Rashida Richardson, New York Civil Liberties Union & Jay Stanley, Senior Policy Analyst, ACLU Speech, Privacy, and Technology Project
The TSA and Amtrak Police are trying out new see-through body scanners in New York City’s Penn Station that raise serious constitutional questions. And as is so often the case, the government is not being sufficiently transparent about the devices, how they will be used, on whom, and where they will eventually be deployed. We also don’t know who will have access to the information they collect or for how long.
There is also reason to believe the technology may not work as well as the TSA says it does.
This “passive millimeter wave” technology works by detecting the heat radiating from the human body and analyzing ways in which those emanations may be being blocked by objects hidden on a person’s body. The machines do not emit x-rays or other radiation. The theory is that the operator of the technology will be able to tell if large object such as a suicide vest device is present underneath a person’s clothing. The technology uses an algorithm to determine whether there is an anomaly. The two devices in use are the Stand Off Explosive Detection Technology created by QinetiQ, and Digital Barriers from Thruvis.
There are several concerns associated with this technology. First, it is not clear whether the anticipated uses of the technology are constitutional. Under the Fourth Amendment, the government is generally not permitted to search individuals without a warrant. Body scanners may be used in airports because of an “administrative exception” to the Fourth Amendment that the courts have found is reasonable because of the unique security vulnerabilities of aircraft. But it is far from clear that the courts will permit this exception to expand to cover every crowded public place in America.
Other factors that may affect its constitutionality include whether people are able to opt out of being searched (it appears they are not), the technology’s resolution and precision, and the extent to which it detects not only true threats but other personal belongings as well, such as back braces, money belts, personal medical devices such as colostomy bags, and anything else someone might have on their person. Will an alert from this machine be sufficient to constitute justification for detaining someone, or probable cause to search them?
We don’t know enough about the capabilities of this technology to know for sure — and we don’t know how its capabilities are likely to grow in the future. If it is as coarse a detector as television images suggest, it is likely to have a very high rate of false positives — and that’s likely to make the government want to make it ever more detailed and high-resolution. If it becomes higher resolution, that means it will see all kinds of other personal effects as well. Either way, there are serious privacy problems with this technology.
In addition, until the device can be scaled up so it scans everyone who goes through a certain area, the technology can be aimed at certain people. It’s up to the operator to determine which people get scanned and which don’t. This means people are subject to a virtual stop-and-frisk, a policing tactic historically known for its extremely discriminatory impact on Black and Latino people.
Will officials perform this digital stop-and-frisk on a white man in a suit, or a brown man with a beard or a black teen in a hoodie? If history is any guide, we know the answer.
Once an anomaly is detected, a computer algorithm determines whether the abnormality presents a “green,” “yellow” or “red” risk level. We don’t know what happens if someone provokes a “yellow” or a “red” alert or if even some “green” alerts will still cause further scrutiny. Does a security official make a judgment call on whether to interrogate or otherwise hassle that person? If so, will they decide to scrutinize our old friends white man in a suit or brown man with a beard? And will the NYPD have access to the technology or the scans?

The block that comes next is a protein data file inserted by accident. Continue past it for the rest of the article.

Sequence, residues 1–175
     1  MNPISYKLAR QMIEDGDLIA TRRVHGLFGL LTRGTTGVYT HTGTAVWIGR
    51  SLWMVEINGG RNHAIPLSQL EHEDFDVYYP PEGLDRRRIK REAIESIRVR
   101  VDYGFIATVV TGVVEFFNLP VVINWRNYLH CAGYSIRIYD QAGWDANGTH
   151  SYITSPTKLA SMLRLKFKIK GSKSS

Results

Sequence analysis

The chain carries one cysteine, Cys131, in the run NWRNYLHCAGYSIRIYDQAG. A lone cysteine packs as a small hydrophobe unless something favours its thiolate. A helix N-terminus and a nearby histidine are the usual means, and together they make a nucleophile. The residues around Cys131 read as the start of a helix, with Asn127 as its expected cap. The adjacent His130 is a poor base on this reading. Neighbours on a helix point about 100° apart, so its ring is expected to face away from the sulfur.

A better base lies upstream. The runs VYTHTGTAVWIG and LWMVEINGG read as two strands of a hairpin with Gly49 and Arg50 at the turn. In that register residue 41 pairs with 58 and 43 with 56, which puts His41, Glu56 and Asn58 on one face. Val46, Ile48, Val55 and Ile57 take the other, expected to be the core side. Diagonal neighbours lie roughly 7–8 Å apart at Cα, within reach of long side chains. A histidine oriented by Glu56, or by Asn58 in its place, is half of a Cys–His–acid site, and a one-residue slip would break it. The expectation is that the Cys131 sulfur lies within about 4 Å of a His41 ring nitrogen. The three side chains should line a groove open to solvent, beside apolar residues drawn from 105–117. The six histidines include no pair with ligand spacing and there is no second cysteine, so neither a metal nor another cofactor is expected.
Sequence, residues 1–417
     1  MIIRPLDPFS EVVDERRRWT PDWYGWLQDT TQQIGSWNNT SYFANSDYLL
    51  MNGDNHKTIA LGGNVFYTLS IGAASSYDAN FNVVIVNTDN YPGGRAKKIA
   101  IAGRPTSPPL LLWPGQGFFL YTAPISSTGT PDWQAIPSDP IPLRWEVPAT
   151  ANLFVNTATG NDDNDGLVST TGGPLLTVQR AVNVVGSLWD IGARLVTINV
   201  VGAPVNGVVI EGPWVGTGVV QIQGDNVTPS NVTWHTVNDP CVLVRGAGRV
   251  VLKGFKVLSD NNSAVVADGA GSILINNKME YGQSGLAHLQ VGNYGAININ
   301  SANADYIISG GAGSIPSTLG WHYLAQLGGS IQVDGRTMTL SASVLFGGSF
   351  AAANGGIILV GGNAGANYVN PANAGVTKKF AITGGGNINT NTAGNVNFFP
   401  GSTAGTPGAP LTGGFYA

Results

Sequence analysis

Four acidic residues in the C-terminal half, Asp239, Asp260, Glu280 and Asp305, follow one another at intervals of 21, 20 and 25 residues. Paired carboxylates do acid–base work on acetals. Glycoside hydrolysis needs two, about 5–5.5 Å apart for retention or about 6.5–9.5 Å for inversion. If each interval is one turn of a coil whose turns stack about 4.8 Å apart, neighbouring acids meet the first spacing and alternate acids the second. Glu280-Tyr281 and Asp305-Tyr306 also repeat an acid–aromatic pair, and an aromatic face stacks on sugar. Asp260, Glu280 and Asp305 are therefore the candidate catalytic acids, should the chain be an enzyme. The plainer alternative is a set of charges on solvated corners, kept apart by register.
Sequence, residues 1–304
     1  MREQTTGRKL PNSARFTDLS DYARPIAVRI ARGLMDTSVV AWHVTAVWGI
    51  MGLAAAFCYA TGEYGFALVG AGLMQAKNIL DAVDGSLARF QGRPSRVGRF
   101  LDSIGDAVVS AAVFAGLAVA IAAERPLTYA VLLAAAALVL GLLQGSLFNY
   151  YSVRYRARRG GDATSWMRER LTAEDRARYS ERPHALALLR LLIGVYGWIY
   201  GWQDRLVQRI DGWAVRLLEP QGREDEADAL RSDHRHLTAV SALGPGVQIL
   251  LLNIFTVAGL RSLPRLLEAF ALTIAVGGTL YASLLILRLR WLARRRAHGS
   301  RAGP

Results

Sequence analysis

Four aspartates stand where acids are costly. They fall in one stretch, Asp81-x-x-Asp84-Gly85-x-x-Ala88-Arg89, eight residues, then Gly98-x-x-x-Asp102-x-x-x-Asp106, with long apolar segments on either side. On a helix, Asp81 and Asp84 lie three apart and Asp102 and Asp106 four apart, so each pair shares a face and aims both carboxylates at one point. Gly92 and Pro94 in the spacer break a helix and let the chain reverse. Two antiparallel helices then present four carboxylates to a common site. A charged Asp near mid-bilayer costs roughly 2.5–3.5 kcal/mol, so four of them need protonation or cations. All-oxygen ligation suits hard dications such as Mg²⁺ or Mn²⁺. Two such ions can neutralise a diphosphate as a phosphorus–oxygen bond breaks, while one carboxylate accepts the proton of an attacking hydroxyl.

We also don’t know how the algorithm is determining the threat level that gets spit out. We don’t know what factors it is considering, the weight of those factors, what tradeoffs occurred when the systems was developed, or the data it was trained on to determine if the system is accurate. When algorithms are not tested for potential errors or bias, they are often found to have discriminatory impacts on certain groups, particularly people of color.
However the technology is deployed, there are very good reasons to doubt that it would be effective in spotting threats. Even in the most controlled conditions, such as airport scanners, millimeter wave technology can produce a lot of false-positives. In a crowded, bustling location full of fast-moving people, the error rate would probably be even higher. And if there is any location where people are likely to have all kinds of things on and about their bodies, it’s a busy travel hub like Penn Station. If this device is generating alarms every minute it will quickly become useless — and it could mean that many innocent people will be needlessly subject to invasive searches or lengthy interrogations.
The technology may also miss true threats. Ben Wallace, a British politician who used to work for QinetiQ, told the Christian Science Monitor that the scanners would likely not pick up “the current explosive devices being used by Al Qaeda,” because of their low amounts of radiation.The Government Accountability Office and even Homeland Security itself have found in the past that body scanners have a high failure rate and are easily subverted.
From media reports on the new scanners, it’s unclear how long this pilot program will last or where else these devices could eventually end up across the country. But their sudden rollout is another example of potentially invasive and discriminatory technologies being deployed with little or no public input or accountability.